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When I opened my eyes, I was dizzy and confused; my familiar world was gone. My computer had disappeared, my bright desk lamp was now an oil lantern and the TV had vanished. As I tried to digest what I saw, it became clear.
While holding the penny tightly and closing my eyes, I had traveled back in time. I didn’t know if it was an overactive imagination or the traumatic experience of the ferris wheel, but somehow, I had journeyed to 1909 – and had brought my family with me. I tried to reason how we had ended up in this era, but quickly decided that wasn’t important. The important question was how we would return to the 21st century.
A little frightened, I begged my parents to take us back to real time. They informed me it was my responsibility. As I was racking my brain, Chloe jumped in.
“If a 1909 penny brought us to 1909, then it would only make sense that a current penny would get us back,” she said.
My sister, the logical one.
I searched through my piggy bank, but it was empty. I hadn’t been very good at saving and to be honest, I’d thought pennies were pretty worthless. Don’t get me wrong; President Lincoln had always been my favorite president. I loved him because, like me, he was a Kentucky boy. He freed slaves, enjoyed reading books and loved animals – especially his horse, Old Bob and his dog, Fido. But as much as I liked him, I would have rather seen his face on a $5 bill instead of something that was worth only one cent.
“I’ve got a jar full of pennies, Woody. Hundreds and hundreds of pennies with all sorts of different dates.” Chloe said. “Just take one of mine.”
Thanking Chloe, I began to put my paw in her penny jar when Dad stopped me in my tracks.
“Absolutely not.” he said. “Dogwood, we are always trying to teach you the importance of saving, yet you don’t listen. We are not going to let Chloe bail you out this time. You will have to work to earn your own money. Then, you can buy a penny from Chloe.”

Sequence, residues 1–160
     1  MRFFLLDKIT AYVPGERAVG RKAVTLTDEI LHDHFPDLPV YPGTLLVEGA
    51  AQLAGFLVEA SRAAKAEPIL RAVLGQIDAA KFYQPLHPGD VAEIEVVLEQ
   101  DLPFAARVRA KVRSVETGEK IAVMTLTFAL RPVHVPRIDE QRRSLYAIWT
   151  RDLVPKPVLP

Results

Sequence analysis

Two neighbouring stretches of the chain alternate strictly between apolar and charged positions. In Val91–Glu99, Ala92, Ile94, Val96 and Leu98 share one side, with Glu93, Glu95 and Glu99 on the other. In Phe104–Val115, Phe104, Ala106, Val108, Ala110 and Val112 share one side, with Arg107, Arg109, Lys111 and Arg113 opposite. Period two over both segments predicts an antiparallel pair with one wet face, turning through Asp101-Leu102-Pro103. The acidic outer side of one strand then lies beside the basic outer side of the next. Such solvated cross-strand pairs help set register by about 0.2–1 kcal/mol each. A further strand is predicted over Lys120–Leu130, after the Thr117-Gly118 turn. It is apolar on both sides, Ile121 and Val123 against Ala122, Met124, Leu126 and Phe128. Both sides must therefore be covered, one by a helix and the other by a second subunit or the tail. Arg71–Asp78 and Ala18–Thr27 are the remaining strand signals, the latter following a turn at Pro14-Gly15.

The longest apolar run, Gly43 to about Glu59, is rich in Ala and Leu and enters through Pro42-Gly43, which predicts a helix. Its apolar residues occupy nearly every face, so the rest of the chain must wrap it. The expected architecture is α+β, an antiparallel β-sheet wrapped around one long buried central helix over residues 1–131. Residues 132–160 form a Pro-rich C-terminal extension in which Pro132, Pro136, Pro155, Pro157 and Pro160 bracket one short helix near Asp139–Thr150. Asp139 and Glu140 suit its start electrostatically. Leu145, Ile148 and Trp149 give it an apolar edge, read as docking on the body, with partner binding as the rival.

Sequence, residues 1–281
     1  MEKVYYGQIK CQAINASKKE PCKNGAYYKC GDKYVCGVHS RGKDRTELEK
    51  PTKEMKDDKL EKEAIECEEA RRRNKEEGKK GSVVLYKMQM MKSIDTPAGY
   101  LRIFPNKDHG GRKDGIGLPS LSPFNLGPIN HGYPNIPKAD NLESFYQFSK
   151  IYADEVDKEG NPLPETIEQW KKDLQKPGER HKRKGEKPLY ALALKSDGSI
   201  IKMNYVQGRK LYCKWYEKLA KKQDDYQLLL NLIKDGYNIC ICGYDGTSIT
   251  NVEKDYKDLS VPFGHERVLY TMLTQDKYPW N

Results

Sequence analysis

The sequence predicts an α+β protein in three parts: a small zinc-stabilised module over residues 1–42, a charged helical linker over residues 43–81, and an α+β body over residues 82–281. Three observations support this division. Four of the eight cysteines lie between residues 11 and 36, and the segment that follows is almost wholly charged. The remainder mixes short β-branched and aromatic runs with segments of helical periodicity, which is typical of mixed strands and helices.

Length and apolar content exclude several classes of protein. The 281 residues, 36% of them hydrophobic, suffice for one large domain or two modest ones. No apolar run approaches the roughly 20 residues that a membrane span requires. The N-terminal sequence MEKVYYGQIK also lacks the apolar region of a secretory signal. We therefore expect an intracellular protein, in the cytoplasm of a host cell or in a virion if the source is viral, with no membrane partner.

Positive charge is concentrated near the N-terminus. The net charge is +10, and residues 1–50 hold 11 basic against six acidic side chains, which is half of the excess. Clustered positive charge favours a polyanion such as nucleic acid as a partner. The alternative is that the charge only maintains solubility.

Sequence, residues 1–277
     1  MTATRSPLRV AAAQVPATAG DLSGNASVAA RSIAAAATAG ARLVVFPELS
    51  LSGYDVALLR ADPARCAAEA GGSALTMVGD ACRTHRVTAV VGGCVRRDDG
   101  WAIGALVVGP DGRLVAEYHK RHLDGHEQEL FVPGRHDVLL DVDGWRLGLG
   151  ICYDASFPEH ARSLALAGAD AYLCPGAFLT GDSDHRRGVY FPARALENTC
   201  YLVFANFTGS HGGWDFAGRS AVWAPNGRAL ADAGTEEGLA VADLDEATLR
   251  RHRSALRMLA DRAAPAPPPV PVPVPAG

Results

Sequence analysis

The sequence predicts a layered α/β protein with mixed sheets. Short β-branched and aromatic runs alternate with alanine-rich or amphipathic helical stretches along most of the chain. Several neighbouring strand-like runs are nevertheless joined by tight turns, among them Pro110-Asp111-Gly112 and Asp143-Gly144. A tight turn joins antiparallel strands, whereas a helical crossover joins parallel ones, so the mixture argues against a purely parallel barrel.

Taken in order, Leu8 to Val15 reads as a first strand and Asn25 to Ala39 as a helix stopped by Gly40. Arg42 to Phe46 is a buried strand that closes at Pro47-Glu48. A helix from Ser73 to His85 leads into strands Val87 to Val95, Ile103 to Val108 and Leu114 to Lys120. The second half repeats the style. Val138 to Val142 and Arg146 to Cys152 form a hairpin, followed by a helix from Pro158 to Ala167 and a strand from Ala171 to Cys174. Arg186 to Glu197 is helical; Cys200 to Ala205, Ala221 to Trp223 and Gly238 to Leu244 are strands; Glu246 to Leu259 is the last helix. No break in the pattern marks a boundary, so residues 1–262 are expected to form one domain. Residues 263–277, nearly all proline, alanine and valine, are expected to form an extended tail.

Listening to Dad, certain words jumped out at me – “Dogwood, work, earn, save, buy.” One thing became crystal clear. I had to find a job.
Since there wasn’t an Internet, or even a phone in 1909, I would have to walk to town to find work. Though my parents gave Chloe strict instructions that this was my responsibility, they did allow her to accompany me to town.
“Where should I go?” I asked.
Dad informed us that the general store was a great place to start. With that settled, I handed Dad my 1909 penny for safekeeping, and Chloe and I left in search of the general store.
We wandered down the country road and found Mobley’s Mercantile without any problem. We almost made the mistake of thinking the tiny building with a crescent moon on it was the store, but knew it was too small for people to do business in. I made a note to self to ask about that building.
Entering the store, we saw shelves filled with everything from flour, sugar and candy to rakes, fabric and jewelry. The store’s owner, Mr. Mobley, introduced himself.
“I’m Woody this is my sister, Chloe,” I said, extending my paw for a firm shake.
Dad explained I should introduce myself, shake hands and always look the person in the eye.
“I’m looking for a job,” I said.
Mr. Mobley asked a few questions: “Well, son, do you have any skills?”
“Skills?” I repeated.
“Yes, skills,” Mr. Mobley explained. “Are you good with numbers? Can you shoe a horse? Can you chop wood?”
My heart sank. It was clear I was in trouble. I was clueless when it came to those things. I could bark loud, run fast and eat my dinner in record time, but those things suddenly didn’t seem so important. It was at that moment Chloe looked at me and said, “You can dig.”
“Yes.” I relayed to Mr. Mobley, “I can dig.”
Mr. Mobley’s eyes lit up.
“In addition to owning Mobley’s Mercantile, I own a small farm that provides fresh vegetables for the store,” he said. “The potatoes are ready to be harvested. Can you dig potatoes?”
“I will be the best potato digger ever.” I exclaimed.
Mr. Mobley firmly shook my paw and said, “You’ve got yourself a job, son.”
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